Isn’t Revenge Porn Constitutionally Protected?

Dylan Love at Business Insider (the article contains lots of bad legal advice) writes:

There is a seedy underbelly of the internet where people post nude or otherwise compromising photos of their ex-girlfriends or boyfriends for anyone to see, sometimes to get back at a lover who jilted them.

These so-called “revenge porn” sites bring up a number of questions. Why aren’t they illegal?

Why would they be?

In the Business Insider post, criminal-defense lawyer Jason Van Dyke argues that the revenge-porn sites are illegal because they don’t appear to keep the records of performers’ ages required by 18 USC 2257. I think he is probably wrong. 18 USC 2257 applies to those who “produce[] any book, magazine, periodical, film, videotape, digital image, digitally- or computer-manipulated image” containing sexually explicit conduct, and requires them to keep records of the performers’ ages. “Producing” includes “inserting on a computer site or service a digital image of, or otherwise managing the sexually explicit content, of a computer site or service that contains a visual depiction of, sexually explicit conduct” but does not include “the transmission, storage, retrieval, hosting, formatting, or translation (or any combination thereof) of a communication, without selection or alteration of the content of the communication.” Assuming that the owners of the revenge-porn sites did not select or alter the images they are publishing, they are not “producers” and do not have to maintain records of the performers’ ages. Holding a revenge-porn site liable for violating Section 2257 would be like holding a bookstore or cable channel liable.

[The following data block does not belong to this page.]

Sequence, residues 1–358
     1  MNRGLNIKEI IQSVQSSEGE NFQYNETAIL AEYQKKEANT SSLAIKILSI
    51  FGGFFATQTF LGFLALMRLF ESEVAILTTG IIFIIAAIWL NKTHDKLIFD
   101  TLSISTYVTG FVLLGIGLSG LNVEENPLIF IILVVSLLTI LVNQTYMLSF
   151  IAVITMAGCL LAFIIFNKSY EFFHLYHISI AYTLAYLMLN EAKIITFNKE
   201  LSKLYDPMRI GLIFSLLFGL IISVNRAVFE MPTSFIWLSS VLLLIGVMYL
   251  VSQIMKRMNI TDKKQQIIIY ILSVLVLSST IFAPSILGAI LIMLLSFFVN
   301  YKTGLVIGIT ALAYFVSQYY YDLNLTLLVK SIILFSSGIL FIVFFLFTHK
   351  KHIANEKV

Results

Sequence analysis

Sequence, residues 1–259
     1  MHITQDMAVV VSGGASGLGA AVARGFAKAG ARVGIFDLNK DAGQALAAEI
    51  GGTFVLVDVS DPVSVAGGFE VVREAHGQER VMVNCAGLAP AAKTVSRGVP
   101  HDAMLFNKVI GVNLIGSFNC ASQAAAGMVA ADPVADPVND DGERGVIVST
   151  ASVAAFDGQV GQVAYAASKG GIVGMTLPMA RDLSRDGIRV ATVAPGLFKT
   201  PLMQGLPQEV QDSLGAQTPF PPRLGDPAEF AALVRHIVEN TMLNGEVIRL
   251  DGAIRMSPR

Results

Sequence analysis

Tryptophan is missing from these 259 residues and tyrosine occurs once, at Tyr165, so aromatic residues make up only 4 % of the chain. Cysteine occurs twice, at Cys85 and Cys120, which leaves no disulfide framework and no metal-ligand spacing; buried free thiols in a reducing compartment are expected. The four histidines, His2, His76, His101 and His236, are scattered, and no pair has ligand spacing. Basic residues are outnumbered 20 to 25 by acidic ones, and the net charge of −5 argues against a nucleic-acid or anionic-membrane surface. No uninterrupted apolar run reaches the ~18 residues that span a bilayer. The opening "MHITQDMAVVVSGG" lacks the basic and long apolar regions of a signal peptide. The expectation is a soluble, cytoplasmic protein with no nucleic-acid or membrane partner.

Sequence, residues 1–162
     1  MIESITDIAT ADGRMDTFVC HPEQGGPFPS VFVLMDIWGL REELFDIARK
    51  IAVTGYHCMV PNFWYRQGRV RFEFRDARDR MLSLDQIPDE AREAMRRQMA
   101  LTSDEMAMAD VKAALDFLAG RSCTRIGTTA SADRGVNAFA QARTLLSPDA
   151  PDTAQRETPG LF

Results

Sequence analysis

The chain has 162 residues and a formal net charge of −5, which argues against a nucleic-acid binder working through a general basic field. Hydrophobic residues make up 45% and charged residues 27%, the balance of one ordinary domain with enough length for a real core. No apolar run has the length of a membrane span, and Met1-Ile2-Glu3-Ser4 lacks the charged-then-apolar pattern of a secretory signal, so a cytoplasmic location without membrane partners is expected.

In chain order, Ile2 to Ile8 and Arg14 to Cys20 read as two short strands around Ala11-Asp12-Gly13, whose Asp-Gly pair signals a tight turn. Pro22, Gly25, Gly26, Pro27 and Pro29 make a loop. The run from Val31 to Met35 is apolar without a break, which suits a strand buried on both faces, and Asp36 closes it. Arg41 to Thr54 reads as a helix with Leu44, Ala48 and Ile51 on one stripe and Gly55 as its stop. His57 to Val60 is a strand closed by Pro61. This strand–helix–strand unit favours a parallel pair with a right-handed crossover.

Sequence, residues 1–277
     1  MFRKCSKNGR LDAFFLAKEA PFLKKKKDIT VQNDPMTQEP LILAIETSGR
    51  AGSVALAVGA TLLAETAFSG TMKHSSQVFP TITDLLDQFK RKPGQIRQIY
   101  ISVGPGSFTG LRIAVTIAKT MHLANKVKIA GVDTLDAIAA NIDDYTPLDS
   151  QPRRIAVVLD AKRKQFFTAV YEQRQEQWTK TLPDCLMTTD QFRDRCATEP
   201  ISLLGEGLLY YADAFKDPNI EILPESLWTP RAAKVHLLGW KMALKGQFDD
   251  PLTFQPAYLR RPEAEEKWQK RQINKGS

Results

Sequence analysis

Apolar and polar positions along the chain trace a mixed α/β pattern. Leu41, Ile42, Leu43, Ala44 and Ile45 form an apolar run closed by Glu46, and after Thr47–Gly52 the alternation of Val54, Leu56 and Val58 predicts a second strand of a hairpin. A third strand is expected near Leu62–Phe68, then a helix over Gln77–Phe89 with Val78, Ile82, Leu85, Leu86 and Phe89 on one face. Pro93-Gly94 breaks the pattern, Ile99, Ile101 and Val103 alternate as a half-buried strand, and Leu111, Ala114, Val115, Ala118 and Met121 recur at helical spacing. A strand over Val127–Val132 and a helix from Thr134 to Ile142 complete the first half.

If a revenge-porn site did select or alter its images and Section 2257 did apply, it would be an indirect hypertechnical attack on sleaze, like charging Capone with tax evasion. It might get the job done, but it wouldn’t get to the root of the matter.

Marc Randazza’s two rules of porn are:

Rule #1: The subjects must be adults
Rule #2: The subjects must be consenting adults